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Ways and problems of connecting the palmtop to differend kinds of devices via Infrared
Contents of this page:
- Connecting to cellular phones
- Connecting to other PCs for file transfer
- What about a general IrDA driver for the palmtop?
I removed my instructions to build an IR transceiver device for Desktop PCs from this site, because there are now many other instructions available on the web which are way better than mine was. Another reason is that I used an Infrared transceiver component which is not available anymore, the HP HSDL 1001. The newer Vishay TDFS 4500 and similar products are a better choice nowadays.
You can find instructions to make infrared transceivers for your desktop PC here:
- http://www.infraredport.com by Dschen Reinecke, in German and in English
- http://stebo-online.purespace.de only in German.
Please note that these transceivers connect directly to the "Infrared" connector on your motherboard. No way to connect them to a serial port or USB. For that purpose there are special devices called "IrDA dongles" available. You can buy these devices in several variations, the most common one nowadays may be the USB version.
Introduction: About IR communication with the HP DOS palmtops
The main issue with the palmtops HP 95LX, 100LX, 200LX, 1000CX and 700LX is, that these devices are not fully IrDA compliant.
IrDA defines several network layers. The lowest layer, the physical one, is SIR, also known as HPSIR, because HP invented it. This layer is supported by the HP LX palmtops, i.e. all IrDA devices arephysically able to establish an Infrared communication path to the palmtop.
But the logical way of communications causes problems: Almost all IrDA compliant devices which are available these days (e.g. cell phones, PDAs, Laptops, LAN adapters, digital cameras...) make use of some of the other layers defined by IrDA. These other layers are all implemented in software, so theycan be switched off if the software is modifyable, e.g. on laptops which run Linux. Maybe even IrDA drivers in Windows 9x can be made work in plain SIR mode by modifying the Windows registry (see PC part of this page below).
SIR (serial Infrared) is basically the RS232 protocol, but with other signal levels and impulse lenghts. All other IrDA protocol layers (IrLAP, IrLMP, IrCOMM, IrLAN, IrOBEX) are connection management and handling stuff, such as adjusting the baud rate, recognizing the peer device, setting up "virtual" ports which can be used by software which wants to talk to "normal" ports like LPT or COM or network devices and so on. As soon as software relies on these upper IrDA layers, a communication with the HP palmtop as is is impossible.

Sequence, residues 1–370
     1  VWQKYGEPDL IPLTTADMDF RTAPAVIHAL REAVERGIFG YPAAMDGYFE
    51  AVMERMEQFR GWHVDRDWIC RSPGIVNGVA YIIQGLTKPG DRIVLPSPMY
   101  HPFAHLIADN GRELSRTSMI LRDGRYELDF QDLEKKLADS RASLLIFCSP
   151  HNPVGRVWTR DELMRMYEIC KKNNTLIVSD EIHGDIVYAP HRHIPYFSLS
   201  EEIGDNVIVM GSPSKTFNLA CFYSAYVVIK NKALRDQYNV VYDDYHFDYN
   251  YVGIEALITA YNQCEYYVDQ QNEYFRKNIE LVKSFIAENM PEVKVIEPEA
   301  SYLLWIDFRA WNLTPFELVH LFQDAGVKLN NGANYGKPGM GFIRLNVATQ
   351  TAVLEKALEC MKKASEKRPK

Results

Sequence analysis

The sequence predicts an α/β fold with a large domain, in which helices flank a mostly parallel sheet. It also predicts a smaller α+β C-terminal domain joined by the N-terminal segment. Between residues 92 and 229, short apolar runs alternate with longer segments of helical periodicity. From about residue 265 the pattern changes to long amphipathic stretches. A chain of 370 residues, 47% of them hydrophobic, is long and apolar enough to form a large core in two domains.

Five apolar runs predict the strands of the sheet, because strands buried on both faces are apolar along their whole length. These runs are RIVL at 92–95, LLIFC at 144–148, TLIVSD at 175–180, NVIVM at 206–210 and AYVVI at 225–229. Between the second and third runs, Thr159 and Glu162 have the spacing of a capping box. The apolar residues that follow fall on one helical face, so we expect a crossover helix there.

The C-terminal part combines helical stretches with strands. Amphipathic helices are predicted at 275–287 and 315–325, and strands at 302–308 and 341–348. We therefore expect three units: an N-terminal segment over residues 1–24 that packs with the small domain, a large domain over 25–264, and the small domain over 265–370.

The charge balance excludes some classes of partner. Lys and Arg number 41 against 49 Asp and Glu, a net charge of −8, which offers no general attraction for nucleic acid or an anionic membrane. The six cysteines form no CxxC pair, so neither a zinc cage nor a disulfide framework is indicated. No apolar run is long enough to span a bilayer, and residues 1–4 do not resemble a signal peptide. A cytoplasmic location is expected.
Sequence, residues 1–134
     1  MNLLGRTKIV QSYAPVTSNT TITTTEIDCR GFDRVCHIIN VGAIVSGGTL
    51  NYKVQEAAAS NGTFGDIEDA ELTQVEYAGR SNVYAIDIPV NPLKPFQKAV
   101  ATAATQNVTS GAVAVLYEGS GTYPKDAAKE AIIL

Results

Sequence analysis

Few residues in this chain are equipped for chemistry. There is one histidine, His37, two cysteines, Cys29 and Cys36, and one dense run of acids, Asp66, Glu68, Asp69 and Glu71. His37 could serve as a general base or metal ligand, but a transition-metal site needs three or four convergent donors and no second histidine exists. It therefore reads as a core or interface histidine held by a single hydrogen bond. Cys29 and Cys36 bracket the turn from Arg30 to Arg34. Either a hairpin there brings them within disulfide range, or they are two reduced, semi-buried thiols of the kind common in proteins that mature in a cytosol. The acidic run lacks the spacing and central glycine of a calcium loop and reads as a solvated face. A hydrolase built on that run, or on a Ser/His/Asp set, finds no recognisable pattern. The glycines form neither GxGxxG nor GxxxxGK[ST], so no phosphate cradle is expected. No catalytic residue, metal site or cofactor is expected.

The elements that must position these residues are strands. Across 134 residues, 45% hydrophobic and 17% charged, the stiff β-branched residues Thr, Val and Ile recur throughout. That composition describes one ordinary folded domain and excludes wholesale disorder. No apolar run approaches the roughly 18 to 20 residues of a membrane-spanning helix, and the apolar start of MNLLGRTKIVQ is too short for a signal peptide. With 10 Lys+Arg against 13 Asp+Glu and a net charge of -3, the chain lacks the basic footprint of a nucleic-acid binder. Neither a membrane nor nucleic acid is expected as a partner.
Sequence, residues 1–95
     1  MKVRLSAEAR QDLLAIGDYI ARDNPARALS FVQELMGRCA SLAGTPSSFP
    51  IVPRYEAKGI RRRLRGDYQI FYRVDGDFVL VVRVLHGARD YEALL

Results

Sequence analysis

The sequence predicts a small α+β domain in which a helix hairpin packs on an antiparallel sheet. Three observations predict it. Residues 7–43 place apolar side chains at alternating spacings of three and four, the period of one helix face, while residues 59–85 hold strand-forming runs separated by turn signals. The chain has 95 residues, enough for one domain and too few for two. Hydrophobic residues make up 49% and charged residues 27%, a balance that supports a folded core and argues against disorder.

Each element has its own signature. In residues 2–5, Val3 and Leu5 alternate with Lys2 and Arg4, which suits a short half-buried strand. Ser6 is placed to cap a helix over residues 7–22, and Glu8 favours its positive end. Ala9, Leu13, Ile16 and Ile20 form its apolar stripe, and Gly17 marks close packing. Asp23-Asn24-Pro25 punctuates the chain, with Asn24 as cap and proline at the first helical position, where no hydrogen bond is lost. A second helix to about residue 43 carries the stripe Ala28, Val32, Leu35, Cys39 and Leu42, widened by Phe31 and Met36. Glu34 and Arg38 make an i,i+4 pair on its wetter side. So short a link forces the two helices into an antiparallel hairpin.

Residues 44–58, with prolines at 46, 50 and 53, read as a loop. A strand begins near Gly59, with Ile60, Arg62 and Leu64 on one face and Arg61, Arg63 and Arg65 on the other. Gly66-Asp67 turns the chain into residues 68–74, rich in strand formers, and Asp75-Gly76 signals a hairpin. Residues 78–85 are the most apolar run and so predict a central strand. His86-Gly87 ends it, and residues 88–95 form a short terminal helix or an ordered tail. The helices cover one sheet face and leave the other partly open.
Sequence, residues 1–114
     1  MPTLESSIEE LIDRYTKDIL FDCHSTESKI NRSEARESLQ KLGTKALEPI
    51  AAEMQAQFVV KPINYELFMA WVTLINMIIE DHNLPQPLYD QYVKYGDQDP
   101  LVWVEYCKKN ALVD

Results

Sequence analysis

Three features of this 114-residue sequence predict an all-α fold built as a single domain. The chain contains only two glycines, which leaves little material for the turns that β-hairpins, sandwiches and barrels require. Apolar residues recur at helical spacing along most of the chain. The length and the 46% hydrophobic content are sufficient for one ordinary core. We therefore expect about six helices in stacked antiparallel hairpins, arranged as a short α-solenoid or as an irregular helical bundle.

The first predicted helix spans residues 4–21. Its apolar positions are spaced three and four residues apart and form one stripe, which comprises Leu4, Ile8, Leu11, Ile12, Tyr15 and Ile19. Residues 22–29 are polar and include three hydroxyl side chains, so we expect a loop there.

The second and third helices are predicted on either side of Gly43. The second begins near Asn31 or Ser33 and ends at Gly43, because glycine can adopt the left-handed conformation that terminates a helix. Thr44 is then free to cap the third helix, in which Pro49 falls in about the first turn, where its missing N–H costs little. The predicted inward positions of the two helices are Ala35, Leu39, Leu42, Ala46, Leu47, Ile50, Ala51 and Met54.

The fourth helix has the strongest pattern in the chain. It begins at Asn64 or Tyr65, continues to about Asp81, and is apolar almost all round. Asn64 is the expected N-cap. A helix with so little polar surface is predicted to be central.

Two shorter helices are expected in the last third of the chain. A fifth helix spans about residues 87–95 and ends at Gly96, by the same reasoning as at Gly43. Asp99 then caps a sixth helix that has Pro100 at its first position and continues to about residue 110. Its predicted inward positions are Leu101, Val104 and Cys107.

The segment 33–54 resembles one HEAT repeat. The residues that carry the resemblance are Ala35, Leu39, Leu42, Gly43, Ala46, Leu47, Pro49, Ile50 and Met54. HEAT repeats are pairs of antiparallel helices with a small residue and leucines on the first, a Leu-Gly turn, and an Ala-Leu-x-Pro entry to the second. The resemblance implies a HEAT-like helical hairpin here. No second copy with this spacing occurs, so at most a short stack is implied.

Connecting to cellular phones
Well, there are exactly two programs by now which are able to drive the palmtop´s IR port in a more IrDA-compliant mode. Only a few parts of the full IrDA protocol are implemented there, so it is not possible to do all IrDA things with that software.
Both programs are written by Andreas Garzotto, one of them is commercial software and sold by D&A Software. It is called "WWW/LX". This is an Internet suite with TCP/IP stack, mail client, web browser, and clients for various purposes, such as FTP, finger, get, ping etc. This one supports talking to IrDA cell phones via IR, so you can use a cell phone as a modem or you can use AT commands in terminal mode or even automated to administrate your cell phone (phone book up/download, ring tones, logos etc.) WWW/LX implements parts of the IrCOMM, IrLAP and IrLMP protocols.
The other one is free software called "IR.EXE". This one implements the connection free part of the IrOBEX protocol in addition to IrLAP. IR.EXE is also available over the D&A software FTP server. You can send and receive OBEX objects with this software, which is also supported by cell phones, PDAs and other devices.
So if you want to connect to cell phones via IrDA, there is generally no big problem. Dependent on your needs you have up to two choices.
Regarding the specifications of different tested cell phones, please read my "mobile HPLX" page!
Connecting to other PCs for file transfer
If your computer and OS (or IR dongle device drivers) are capable to talk the plain SIR (serial Infrared) protocol via its IR port, everything is fine. Then you can use every application which you also would use with a serial cable connection to transfer files (Transfile Win200, Laplink Remote Access, zip, InterLink/InterServer, X-Finder....).
If your computer can "only" talk the full-featured IrDA protocol, you may have a problem. If you connect an IrDA transmitter device to your computer, Windows 98 recognizes it and sets up "virtual" COM and LPT ports. These port types are defined by the IrDA standard (IrCOMM), but are not suitable to communicate to the palmtop, because they use these advanced IrDA features (keywords IrCOMM, IrLTP, IrLMP, IrLAP etc. - I don´t want to go into detail here, please refer to http://www.irda.org). The problem is that these "virtual" ports don´t use the plain (HP)SIR protocol, but all these add-on connection handling protocols, which the palmtop isn´t capable to handle. The above mentioned programs WWW/LX and IR.EXE are limited for use with cell phones and IrDA modems.
What about a general IrDA driver for the palmtop?
This is an idea which has been mentioned a lot of times in the HPLX mailing list. But unfortunately, it is simply not possible to create a driver which sits between the application and the IR port, because the IR port is directly addressed by all DOS programs with their read / write routines. They speak directly to the hardware. So no other program or driver would have a chance to modify the data stream in any way before it is written to the serial port.